The E/O converter includes a laser diode that emits an infrared signal of a wavelength of 1.55 μm. The intensity of the infrared signal (output signal) varies depending on the voltage of the received electrical signal (input signal). The O/E converter includes a photo diode that receives an infrared signal of a wavelength of 1.55 μm, and outputs an electrical signal. The voltage of the electrical signal (output signal) varies depending on the intensity of the received infrared signal (input signal).
Dispersion shift fibers having a zero dispersion at wavelength of 1.55 μm are employed for the optical fiber links F. Alternatively durable plastic optical fibers may be employed for the optical fiber links F. In this case, a laser diode which emits an optical signal of a wavelength of 0.6 μm and a photo diode which receives an optical signal of a wavelength of 0.6 μm should be employed as the E/O converter and the O/E converter, respectively.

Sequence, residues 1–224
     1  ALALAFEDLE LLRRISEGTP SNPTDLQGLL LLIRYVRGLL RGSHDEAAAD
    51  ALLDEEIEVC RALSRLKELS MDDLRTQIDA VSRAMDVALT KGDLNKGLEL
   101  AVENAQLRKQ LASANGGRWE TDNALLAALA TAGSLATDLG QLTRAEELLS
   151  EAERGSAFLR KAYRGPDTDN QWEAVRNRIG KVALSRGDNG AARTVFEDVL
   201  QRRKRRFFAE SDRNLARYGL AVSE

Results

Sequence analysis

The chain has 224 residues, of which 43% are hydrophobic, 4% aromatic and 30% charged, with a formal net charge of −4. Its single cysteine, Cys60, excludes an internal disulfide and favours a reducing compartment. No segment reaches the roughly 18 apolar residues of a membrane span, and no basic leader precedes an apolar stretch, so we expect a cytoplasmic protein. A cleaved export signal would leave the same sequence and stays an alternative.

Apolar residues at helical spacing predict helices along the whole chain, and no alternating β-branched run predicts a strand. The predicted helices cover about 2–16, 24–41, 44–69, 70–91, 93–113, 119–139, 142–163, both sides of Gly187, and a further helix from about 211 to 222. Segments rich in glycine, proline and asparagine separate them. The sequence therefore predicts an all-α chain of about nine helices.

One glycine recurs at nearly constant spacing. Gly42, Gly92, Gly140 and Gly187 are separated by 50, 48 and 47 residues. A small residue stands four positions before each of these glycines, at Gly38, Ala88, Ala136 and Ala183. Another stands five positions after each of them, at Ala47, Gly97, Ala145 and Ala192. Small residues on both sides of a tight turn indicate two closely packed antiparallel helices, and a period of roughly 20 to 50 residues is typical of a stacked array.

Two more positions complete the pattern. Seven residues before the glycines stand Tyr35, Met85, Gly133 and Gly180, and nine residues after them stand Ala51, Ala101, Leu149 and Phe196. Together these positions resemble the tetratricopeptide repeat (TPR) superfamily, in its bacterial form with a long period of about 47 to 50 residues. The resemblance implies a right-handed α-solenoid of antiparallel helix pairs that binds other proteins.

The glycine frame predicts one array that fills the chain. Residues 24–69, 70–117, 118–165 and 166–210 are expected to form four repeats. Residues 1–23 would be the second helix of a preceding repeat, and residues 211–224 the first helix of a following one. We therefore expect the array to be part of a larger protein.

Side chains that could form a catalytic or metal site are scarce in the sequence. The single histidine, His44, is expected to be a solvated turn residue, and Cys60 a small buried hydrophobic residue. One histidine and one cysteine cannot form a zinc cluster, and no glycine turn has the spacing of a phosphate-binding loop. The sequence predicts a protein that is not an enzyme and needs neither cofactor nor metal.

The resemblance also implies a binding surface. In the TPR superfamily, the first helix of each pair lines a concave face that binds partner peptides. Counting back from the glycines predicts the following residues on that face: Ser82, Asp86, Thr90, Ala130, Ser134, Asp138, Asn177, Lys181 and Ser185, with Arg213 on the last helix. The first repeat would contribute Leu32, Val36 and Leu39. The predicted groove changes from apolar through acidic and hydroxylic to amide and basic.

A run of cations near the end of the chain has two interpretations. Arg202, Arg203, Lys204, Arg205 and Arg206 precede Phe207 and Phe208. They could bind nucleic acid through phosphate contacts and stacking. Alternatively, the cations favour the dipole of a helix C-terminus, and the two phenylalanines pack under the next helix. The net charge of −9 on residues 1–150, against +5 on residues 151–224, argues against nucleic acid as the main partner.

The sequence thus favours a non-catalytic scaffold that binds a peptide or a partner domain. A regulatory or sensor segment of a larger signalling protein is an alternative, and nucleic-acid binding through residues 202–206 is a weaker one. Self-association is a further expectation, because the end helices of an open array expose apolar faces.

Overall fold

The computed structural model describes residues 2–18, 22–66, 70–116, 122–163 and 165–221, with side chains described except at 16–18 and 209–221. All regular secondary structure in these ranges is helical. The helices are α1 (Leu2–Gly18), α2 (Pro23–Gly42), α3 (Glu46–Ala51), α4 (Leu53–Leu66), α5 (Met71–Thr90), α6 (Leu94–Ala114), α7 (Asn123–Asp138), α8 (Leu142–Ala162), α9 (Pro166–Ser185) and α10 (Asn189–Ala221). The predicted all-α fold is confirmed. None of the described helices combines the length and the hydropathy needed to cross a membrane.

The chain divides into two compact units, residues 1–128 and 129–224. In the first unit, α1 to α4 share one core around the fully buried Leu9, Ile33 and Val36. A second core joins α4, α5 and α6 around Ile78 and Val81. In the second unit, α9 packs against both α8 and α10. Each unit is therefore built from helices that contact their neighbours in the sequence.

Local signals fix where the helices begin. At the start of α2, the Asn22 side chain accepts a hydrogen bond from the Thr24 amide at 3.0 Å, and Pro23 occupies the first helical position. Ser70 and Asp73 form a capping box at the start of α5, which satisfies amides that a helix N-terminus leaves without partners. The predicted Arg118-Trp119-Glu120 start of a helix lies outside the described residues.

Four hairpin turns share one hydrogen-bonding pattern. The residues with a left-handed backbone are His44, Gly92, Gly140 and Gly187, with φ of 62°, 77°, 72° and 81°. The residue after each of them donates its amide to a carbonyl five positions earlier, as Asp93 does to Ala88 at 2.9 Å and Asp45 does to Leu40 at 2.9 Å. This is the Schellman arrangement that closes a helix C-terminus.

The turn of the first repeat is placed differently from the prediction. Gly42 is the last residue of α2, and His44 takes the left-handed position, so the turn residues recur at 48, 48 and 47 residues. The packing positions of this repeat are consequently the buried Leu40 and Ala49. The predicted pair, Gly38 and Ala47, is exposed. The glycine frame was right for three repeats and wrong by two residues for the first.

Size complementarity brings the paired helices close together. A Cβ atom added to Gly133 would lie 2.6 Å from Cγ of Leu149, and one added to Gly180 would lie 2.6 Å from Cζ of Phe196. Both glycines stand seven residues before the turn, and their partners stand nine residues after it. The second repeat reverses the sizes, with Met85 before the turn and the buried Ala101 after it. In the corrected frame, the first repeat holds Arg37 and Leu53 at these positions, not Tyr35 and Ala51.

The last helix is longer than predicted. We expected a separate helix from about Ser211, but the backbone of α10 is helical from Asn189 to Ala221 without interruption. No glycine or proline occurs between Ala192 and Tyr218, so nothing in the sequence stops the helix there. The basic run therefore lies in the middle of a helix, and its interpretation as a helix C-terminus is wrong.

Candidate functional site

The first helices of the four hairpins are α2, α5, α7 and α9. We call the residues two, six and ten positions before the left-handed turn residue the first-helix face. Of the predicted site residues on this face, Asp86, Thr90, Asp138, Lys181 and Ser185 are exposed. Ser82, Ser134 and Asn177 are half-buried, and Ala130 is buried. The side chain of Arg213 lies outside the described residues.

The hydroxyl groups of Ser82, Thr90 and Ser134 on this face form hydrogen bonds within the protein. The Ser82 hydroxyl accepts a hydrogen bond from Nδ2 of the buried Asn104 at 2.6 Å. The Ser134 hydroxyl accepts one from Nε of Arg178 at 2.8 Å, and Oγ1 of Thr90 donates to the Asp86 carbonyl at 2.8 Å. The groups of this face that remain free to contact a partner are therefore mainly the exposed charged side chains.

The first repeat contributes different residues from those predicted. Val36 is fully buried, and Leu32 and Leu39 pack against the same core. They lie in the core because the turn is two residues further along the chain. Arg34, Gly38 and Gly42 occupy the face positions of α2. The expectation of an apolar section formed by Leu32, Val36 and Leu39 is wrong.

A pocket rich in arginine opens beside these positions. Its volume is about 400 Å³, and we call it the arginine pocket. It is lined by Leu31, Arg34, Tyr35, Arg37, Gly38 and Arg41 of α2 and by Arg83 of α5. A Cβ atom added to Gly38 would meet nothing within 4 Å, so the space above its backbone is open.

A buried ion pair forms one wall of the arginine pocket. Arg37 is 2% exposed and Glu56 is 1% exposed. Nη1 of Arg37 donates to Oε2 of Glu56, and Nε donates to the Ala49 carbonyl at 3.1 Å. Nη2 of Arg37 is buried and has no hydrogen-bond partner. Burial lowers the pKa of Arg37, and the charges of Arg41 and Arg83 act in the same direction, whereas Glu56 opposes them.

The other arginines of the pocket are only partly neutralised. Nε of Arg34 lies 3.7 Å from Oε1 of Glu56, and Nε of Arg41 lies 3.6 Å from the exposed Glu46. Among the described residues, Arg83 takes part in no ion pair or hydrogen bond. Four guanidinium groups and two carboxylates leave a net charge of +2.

The transceiver enables the information/control device Mx to communicate with the other information/control devices Mx using CSMA/CD (Carrier Sense Multiple Access with Collision Detection) technique. That is, the transceiver receives an electrical pulse signal (digital baseband signal), which is to be transmitted, and outputs it to the E/O converter at a proper time so that the corresponding optical pulse signal outputted from the E/O converter is successfully transmitted via the optical fiber links F. Further the transceiver receives an electrical pulse signal from the O/E converter when the corresponding optical pulse signal is received via the optical fiber links F.